Playing with the Kindle 3

by Yeevon Ooi on 25 October 2010


I’m halfway through my first book on the new Amazon Kindle and I must say it’s quite an interesting experience.

Being a bit of a purist when it comes to books, I’ve always thought that nothing can beat a good old paperback where you can flip through pages of text and/or images and do whatever it is people do to books such as folding the edge as a bookmark, annotating, using it as a propping tool etc.


What I like about the Kindle 3 is its nice sleek design with its interesting screen savers. It’s very light and thin, very portable and easy to carry around as it doesn’t take up much space in a bag.

My favourite features on the Kindle include the annotation function where you can highlight passages of text which is then automatically stored, and also the built-in dictionary function which allows you to view definition of words by just positioning the cursor before the beginning of the word.

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However, I do have some issues with the ergonomics of the Kindle. As you need to hold it like a book, the fact that it’s very thin and bigger than the size of one’s palm (at least my palm) makes it quite tricky to have a firm grip on it with one hand without my fingers either pressing on the screen or on the keypad. Some sort of rubber band on the back of the Kindle so that I can slide my hand under the band snugly and not worry about the Kindle slipping off my hand would be nice.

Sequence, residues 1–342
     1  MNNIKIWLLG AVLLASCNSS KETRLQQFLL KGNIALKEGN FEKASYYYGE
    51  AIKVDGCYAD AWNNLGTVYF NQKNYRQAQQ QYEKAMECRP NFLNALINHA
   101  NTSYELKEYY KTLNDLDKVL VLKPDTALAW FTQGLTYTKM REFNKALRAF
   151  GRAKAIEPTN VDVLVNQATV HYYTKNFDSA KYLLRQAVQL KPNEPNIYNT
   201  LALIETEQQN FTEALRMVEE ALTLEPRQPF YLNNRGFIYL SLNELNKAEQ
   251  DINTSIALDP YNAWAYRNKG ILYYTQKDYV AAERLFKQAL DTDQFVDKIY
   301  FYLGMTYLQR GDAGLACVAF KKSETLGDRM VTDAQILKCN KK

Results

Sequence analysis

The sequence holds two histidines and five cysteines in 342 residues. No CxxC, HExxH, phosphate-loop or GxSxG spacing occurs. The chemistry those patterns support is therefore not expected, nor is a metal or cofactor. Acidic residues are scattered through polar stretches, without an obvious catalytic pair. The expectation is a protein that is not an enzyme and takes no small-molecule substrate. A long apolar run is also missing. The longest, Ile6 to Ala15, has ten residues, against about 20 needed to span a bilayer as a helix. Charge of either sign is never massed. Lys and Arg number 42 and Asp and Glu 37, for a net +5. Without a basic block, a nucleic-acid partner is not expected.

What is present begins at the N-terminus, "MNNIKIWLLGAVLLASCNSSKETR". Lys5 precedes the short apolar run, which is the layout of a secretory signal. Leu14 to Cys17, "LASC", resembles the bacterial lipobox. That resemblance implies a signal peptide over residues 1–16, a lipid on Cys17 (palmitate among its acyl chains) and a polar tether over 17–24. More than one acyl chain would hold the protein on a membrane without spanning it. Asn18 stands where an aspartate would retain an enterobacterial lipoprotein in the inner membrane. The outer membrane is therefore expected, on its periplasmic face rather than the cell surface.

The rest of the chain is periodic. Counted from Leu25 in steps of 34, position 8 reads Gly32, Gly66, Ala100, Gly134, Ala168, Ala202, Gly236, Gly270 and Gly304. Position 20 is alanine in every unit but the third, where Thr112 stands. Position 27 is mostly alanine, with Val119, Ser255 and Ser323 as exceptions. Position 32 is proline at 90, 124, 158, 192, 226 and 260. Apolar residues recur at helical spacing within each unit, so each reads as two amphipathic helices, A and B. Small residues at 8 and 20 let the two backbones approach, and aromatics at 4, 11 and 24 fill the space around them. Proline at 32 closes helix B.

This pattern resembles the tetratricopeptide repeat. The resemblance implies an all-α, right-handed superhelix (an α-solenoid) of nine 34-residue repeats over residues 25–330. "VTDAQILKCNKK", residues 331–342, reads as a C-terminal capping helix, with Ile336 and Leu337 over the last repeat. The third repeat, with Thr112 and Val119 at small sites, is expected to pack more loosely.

Also, the back and next button on the Kindle needs a bit of getting used to. The usual mental model of right arrow = next and left arrow= back doesn’t work on the Kindle as both of the next and back buttons are located on top of each other on both sides of the Kindle.

Lastly, thanks to the touchscreen invention on mobile devices, it is natural to want to use touchscreen to navigate on the Kindle but as it’s not a touchscreen device, I have to resist the urge to poke around on the reading screen and get used to the keypad buttons which needs a bit of learning.

It’s good for text-heavy books but image-heavy books tend to struggle a bit with the Kindle layout. You can browse the internet and check your emails on it if you don’t mind the entirely black and white display.

Still, it’s a good device to have given it’s very easy to purchase books online and being able to read them almost right after the purchase. All in all, it does support the act of reading but it requires some learning and compromising.

Photo credit: Aurum3 NewTech

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